Joo Chiat (Katong)

Also known as Katong, Joo Chiat is the heart of Singapore’s Peranakan community. It’s an evocative mix of multicoloured shophouses, tucked-away temples and quaint workshops and studios – plus some of the city’s best eating options. Try to head in during business hours, when locals hop in and out of heirloom shops in search of fabrics, produce and the next tasty snack.

Geylang Serai Market

Geylang Serai Market packs in a lively wet market, hawker food centre and stalls selling everything from Malay CDs to skull-caps. Feeling peckish? Hunt down some pisang goreng (banana fritters) and wash them down with bandung (milk with rose cordial syrup).

Joo Chiat Road

Eclectic Joo Chiat Rd is lined with dusty antiques workshops, Islamic fashion boutiques and low-fuss grocery shops. Detour into Joo Chiat Tce to admire the Peranakan terraces at Nos 89 to 129, adorned with pintu pagar (swinging doors) and colourful ceramic tiles.

Long Phung

Down-to-earth Vietnamese eatery Long Phung, serves up some of Singapore’s best Vietnamese food. The fragrant pho (Vietnamese noodle soup) and tangy mango salad are simply gorgeous.

Kuan Im Tng Temple

Located on a quiet side street, Buddhist temple Kuan Im Tng is dedicated to Kuan Yin, goddess of mercy. Temple fans will appreciate the ornate roof ridges adorned with dancing dragons.

Koon Seng Road Terraces

Koon Seng Rd is famous for its two rows of prewar, pastel-coloured Peranakan terrace houses, lavished with stucco dragons, birds, crabs and brilliant glazed tiles imported from Europe.

Sri Senpaga Vinayagar Temple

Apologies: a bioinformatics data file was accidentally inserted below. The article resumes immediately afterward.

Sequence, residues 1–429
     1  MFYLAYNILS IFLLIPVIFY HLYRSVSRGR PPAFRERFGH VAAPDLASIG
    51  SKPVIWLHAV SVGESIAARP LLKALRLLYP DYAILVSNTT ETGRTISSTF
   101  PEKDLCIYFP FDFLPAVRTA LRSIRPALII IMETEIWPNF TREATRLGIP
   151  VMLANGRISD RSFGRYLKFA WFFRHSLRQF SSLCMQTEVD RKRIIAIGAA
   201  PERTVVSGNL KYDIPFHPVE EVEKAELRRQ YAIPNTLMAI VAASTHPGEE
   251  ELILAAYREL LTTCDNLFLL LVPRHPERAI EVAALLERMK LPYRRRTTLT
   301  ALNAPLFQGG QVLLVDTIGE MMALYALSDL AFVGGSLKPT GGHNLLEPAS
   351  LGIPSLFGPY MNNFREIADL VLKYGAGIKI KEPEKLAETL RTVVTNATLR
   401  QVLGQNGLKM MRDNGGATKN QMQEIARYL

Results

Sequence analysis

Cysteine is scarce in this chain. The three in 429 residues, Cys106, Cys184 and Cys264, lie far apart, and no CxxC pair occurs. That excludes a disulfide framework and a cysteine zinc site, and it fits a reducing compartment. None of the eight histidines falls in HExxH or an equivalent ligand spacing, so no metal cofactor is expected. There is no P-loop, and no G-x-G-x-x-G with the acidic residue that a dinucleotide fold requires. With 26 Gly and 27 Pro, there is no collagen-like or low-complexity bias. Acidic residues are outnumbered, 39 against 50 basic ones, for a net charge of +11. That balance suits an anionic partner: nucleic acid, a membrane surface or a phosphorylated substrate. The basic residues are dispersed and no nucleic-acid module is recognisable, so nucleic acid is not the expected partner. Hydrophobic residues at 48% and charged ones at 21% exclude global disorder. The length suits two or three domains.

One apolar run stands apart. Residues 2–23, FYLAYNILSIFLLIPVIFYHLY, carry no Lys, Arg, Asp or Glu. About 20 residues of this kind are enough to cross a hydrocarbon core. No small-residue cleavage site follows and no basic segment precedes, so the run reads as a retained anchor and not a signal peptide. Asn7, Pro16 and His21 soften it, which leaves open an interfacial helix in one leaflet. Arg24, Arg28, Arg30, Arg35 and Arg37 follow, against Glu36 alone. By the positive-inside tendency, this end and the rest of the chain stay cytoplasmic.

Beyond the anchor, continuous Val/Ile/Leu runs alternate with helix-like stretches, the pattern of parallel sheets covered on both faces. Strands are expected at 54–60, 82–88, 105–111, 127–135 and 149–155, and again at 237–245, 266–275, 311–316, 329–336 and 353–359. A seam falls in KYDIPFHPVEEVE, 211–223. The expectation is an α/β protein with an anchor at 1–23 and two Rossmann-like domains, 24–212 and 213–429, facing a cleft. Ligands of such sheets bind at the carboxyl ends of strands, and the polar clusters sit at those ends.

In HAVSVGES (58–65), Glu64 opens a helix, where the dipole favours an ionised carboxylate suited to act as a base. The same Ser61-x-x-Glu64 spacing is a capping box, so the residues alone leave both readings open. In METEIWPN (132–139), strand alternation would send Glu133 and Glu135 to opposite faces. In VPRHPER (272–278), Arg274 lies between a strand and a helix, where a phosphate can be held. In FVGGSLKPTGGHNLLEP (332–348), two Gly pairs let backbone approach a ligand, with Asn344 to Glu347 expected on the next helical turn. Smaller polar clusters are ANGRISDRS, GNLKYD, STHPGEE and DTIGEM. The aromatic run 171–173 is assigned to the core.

One of Singapore’s most beautiful Hindu temples, Sri Senpaga Vinayagar Temple features a kamalapaatham, a specially sculptured granite foot-stone found in certain ancient Hindu temples. The roof of the inner sanctum is covered in gold.

Kim Choo Kueh Chang

Joo Chiat (Katong) is stuffed with bakeries and dessert shops, but few equal old-school Kim Choo Kueh Chang. Pick up traditional pineapple tarts and other Peranakan kuehs (bite-sized snacks), and pit stop at the adjoining boutique for Peranakan ceramics and clothing.

Katong Antique House

Tiny shop-cum-museum Katong Antique House is the domain of Peter Wee, a noted expert on Peranakan culture, and packed with his collection of books, antiques and cultural artefacts. By appointment only, though it’s sometimes open to the public.


Contradiction thrives in Geylang, a neighbourhood as famous for its shrines, temples and mosques as for its brothels and back-alley gambling dens. Head in for lunch, spend the afternoon wandering quaint lorongs (alleys) and religious buildings, then head back to neon-lit Geylang Rd for a long, lively evening of people-watching and unforgettably good local grub.

Geylang Lor 9 Fresh Frog Porridge

Geylang is famous for its frog porridge and the best place to try it is Geylang Lor 9 Fresh Frog Porridge. Its Cantonese-style version is beautifully smooth and gooey, and only live frogs are used, so the meat is always fresh.

Amitabha Buddhist Centre

Take a class on dharma and meditation at the Amitabha Buddhist Centre; its upstairs meditation hall is open to the public and filled with devotional objects. Check the website for class schedules.

No Signboard Seafood

Get messy over white-pepper crab at No Signboard Seafood. Madam Ong Kim Hoi started out with an unnamed hawker stall (hence ‘No Signboard’), but the popularity of her seafood made her a rich woman, with four restaurants.